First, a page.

The left horizontal stabilator main spar and outboard, forward structure were not recovered; however, eight inches of the inboard main spar remained integral to the stabilator attach bracket. A 34.5 inch section of the aft, outboard stabilator was located; the outboard tip was separated and fractured 13 inches from the forward end. The counterweight assembly was not recovered at the accident site, however, the stabilator rib, integral to the counterweight attachment, exhibited an overload fracture. The left inboard spar was bent downward and aft; it exhibited an overload fracture. Sixteen inches of the left stabilator inboard leading edge was located with the top rivet sheared. The aluminum was torn four inches from the inboard edge, adjacent to the rivets, which remained attached to the spar. The left stabilator trim tab was separated into two sections.

The inboard 14 inches of the right horizontal stabilator was bent upward and aft, and exhibited transfer marks consistent with the color scheme of the lower portion of the vertical stabilizer. The right horizontal stabilator main and rear spars were twisted 90 degrees, counter clockwise, when viewed from the outboard end.

The horizontal stabilator attach brackets and mating aft bulkhead were examined. The left bracket was fractured in overload at the hinge bolt. The corresponding bearing and attach bolt were found in the mating attach bracket integral to the aft bulkhead. The right attach bracket was found bent to the right (as viewed looking forward) with the bulkhead mounting structure attached. The aft bulkhead was separated from the empennage and fractured around the circumference. The counterweight and control tube were fractured from the main spar with compression to the spar on the right side.

The vertical stabilizer was found in a plowed field, about 6/10 mile north-northeast of the main wreckage. This section was free of soot or fire damage.

The outboard section of the left wing was located about 3/10 miles north-northeast of the main wreckage, in an area of unburned grass. This section was about ten feet in length, and had separated along the mid-wing skin rivet row. There was no evidence of fire or heat dame to this section. The lower spar exhibited a compression overload fracture and was twisted down, and rearward, 14 inches inboard of the fracture. The upper spar was fractured 44 inches outboard on the carry through section of the main spar, and exhibited an overload tension fracture.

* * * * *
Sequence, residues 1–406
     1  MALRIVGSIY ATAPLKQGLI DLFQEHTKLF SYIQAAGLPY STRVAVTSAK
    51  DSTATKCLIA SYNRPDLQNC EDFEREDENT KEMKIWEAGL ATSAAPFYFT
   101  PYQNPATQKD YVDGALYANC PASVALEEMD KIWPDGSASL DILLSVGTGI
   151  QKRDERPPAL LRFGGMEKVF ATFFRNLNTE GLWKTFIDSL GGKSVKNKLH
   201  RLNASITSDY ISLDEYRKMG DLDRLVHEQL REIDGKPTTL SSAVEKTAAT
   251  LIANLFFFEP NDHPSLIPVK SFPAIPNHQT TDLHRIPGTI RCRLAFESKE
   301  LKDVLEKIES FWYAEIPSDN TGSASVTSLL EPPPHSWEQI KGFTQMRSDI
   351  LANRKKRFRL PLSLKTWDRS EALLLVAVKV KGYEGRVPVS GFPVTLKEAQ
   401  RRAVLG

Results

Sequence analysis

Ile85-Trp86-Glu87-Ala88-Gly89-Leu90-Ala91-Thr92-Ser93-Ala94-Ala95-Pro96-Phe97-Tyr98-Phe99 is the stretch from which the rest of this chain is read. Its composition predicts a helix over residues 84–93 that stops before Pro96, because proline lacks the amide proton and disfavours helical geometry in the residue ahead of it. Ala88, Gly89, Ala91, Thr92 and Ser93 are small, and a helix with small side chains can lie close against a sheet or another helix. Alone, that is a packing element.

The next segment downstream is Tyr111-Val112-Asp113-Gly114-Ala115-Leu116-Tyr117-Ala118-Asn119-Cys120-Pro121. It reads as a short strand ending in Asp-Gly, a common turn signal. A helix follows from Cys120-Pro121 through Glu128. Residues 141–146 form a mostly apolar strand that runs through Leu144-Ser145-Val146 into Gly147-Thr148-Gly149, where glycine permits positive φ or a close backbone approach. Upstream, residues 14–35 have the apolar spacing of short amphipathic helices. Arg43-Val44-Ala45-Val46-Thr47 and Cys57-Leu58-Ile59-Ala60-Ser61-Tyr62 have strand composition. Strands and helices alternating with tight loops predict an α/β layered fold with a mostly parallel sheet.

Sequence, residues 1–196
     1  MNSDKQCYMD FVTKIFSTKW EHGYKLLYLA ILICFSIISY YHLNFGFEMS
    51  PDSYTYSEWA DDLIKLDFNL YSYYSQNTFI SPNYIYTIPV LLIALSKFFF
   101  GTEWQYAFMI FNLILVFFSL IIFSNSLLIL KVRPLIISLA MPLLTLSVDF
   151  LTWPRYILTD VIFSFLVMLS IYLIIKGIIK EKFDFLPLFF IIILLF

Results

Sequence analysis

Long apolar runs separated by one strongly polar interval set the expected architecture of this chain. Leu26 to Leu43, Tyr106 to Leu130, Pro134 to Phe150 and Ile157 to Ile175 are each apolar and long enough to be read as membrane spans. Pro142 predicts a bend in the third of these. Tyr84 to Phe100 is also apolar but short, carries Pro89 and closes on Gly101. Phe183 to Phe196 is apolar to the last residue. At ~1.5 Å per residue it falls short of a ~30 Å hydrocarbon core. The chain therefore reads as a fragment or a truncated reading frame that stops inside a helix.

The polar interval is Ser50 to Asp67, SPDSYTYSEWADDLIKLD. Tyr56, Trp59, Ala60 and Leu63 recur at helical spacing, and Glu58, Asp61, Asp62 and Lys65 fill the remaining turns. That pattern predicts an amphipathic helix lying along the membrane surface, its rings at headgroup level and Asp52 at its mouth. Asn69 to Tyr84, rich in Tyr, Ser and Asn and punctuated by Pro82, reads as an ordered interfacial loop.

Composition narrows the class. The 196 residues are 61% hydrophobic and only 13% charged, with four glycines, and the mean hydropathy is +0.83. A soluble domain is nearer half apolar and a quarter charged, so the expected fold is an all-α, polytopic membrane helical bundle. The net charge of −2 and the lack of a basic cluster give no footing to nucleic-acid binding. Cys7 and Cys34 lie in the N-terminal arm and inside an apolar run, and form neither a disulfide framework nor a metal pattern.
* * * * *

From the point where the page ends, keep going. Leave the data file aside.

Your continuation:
The inboard section of the right wing, with engine attached, was found inverted, about 166 feet south-southwest of the main wreckage. There was light fire damage to this section, which was surrounded by an area of burned grass. The inboard section upper main spar was fractured two inches outboard of the carry through portion of the main spar, and exhibited overload fractures in the down, and aft direction. The lower spar was fractured five inches outboard of the carry through portion of the main spar and exhibited a tensile overload fracture.

The outboard section of the right wing was located about 1/8 mile north-northeast of the main wreckage. This section was found inverted, with extensive fire damage to the area associated with the fuel cell. The upper and lower spars of the outboard wing section exhibited overload fractures in the down direction, however, 5 inches outboard of the upper spar fracture, the spar was bent in the upward, and aft direction.


Post mortem examination of the pilot was performed by Dr. J. T. Francisco, M.D., Medical Examiner, University of Tennessee, Memphis. The report noted multiple lacerations and fractures. Toxicological testing for drugs and alcohol was negative.


The engines were shipped to the Teledyne Continental Motors (TCM) facility in Mobile, Alabama for examination. For additional details, refer to the TCM Analytical Inspection Report, included as an attachment to this report.


The wreckage was released to:

H. Joe Kothe (Owner's Representative) American Claim Service, Inc. 5368 Flowering Peach Drive Memphis, Tennessee 38115.

(c) 2009-2018 Lee C. Baker / Crosswind Software, LLC. For informational purposes only.